Drugs + capitalism + innovation = ?

Andrew Sullivan directs us to a story on “dabs”, a highly concentrated cannabis product:

Most commonly created by a technique in which high quality pot is blasted with butane that is then extracted, these cannabis concentrates approach 70%-to-90% THC. … Brad Gibbs, of Greenest Green, which has just opened a new state-approved lab in Denver Co., filled with $100,000 in equipment, specializing in BHO, says that the new product is so superior, buds will eventually disappear, at least among, “our generation,”—users under 40. “Dabs are the future of cannabis, both recreational and medicinal,” he adds.

The article links to a High Times article expressing concern about the PR impact of this product for the legalization movement:

Assuming we’re able to dismiss the health risks, there is still the public-relations issue: namely, that because the techniques used to make and consume BHO bear an eerie resemblance to those used for harder drugs like meth and crack – and because its potency is so much higher than regular weed – dabbing is ripe for exploitation by the prohibition propaganda machine. At a time when the acceptance of marijuana among the general public is higher than ever, there’s a fear that seeing teenagers wielding blowtorches or blowing themselves up on the evening news might incite a new anti-pot paranoia that could set the legalization movement back decades.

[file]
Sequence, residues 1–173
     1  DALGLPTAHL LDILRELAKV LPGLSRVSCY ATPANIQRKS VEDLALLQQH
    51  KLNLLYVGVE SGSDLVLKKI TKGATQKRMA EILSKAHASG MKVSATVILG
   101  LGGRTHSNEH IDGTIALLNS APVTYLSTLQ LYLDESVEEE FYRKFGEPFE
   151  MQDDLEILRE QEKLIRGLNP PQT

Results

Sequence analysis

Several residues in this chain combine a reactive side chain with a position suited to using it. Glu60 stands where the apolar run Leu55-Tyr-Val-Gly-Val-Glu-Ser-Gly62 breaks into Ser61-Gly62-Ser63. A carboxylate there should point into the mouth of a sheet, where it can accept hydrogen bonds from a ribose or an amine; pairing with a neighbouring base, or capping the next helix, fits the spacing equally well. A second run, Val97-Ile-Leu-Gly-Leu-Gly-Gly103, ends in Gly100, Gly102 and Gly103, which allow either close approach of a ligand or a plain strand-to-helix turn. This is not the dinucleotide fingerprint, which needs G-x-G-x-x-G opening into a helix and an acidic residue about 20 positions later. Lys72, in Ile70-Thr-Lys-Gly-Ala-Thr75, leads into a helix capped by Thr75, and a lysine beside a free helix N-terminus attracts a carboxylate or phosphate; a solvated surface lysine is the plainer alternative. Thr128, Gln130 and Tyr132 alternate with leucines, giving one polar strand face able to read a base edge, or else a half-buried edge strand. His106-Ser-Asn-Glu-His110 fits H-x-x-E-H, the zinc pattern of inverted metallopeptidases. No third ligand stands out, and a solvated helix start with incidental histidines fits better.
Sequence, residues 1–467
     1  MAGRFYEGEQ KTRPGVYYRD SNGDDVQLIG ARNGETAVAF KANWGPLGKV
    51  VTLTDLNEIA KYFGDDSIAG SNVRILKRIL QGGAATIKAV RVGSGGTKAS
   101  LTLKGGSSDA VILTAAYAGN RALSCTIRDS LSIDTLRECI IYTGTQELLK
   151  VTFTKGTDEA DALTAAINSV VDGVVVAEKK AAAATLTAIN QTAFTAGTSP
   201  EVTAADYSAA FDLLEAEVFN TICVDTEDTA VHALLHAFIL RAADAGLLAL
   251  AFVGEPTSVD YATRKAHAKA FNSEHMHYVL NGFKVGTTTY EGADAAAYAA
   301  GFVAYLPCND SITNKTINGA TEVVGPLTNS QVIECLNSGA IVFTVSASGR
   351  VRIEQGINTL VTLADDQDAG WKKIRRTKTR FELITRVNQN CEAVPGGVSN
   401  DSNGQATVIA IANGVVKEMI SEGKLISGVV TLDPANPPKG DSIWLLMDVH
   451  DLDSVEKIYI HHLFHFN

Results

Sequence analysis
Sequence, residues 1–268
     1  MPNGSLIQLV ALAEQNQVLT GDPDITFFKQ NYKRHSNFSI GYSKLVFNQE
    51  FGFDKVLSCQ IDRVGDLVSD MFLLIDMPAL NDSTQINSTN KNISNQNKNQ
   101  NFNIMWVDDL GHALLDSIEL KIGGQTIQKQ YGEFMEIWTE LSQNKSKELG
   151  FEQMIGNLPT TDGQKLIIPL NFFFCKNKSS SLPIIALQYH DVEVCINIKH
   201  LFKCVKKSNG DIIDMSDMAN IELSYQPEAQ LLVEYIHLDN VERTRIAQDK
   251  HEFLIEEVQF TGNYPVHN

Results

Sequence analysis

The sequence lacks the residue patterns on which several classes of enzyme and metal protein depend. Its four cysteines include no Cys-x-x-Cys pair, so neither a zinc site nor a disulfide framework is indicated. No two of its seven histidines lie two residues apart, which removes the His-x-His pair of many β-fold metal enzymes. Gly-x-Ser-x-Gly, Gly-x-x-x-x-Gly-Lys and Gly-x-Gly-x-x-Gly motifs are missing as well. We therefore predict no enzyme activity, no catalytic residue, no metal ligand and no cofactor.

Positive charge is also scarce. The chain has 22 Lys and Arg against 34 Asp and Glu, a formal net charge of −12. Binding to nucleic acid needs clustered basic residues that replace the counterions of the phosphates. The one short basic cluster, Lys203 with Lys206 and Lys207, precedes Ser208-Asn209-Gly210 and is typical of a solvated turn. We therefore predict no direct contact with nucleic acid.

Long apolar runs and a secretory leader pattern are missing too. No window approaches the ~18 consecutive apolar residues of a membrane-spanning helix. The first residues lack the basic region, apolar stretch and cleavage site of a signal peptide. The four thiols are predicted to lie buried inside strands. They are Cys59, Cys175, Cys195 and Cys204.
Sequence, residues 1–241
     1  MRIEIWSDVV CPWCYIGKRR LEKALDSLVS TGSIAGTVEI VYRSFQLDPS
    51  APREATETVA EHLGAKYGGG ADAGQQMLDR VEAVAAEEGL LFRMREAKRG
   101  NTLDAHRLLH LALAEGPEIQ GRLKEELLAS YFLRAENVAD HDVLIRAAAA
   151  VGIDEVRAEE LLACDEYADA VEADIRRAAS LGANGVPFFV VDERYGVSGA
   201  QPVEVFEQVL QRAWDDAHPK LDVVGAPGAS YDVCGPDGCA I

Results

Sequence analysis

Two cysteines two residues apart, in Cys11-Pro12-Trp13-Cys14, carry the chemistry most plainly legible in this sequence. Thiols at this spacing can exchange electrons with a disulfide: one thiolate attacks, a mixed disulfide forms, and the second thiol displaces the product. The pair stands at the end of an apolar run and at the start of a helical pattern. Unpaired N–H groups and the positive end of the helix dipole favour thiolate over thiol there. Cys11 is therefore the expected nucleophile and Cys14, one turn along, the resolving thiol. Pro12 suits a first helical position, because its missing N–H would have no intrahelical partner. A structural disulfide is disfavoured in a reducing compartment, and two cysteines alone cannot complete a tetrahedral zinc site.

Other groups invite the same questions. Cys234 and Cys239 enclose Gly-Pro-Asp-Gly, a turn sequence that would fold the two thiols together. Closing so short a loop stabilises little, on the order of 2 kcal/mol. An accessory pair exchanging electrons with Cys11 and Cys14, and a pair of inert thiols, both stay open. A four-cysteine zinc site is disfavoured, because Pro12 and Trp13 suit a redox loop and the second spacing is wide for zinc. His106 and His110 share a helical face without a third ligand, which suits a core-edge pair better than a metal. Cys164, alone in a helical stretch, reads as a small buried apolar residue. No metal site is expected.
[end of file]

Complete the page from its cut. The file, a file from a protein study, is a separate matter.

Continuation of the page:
I am reminded of a talk by Bill White on drug trends. He closed by saying something like, “I can’t tell you what the major drugs of abuse of tomorrow will be, but I can tell you that they are already here, and that they will become a problem when someone develops new ways to use them.” To understand his point, consider the impact of the syringe on opiate use and the impact of “rocking” cocaine into crack on that drug’s use. With crack, in particular, it’s worth noting that everyone knew about freebasing for years, but the real innovation in crack was a cheap and easy way to make the freebase experience available to large numbers of users.

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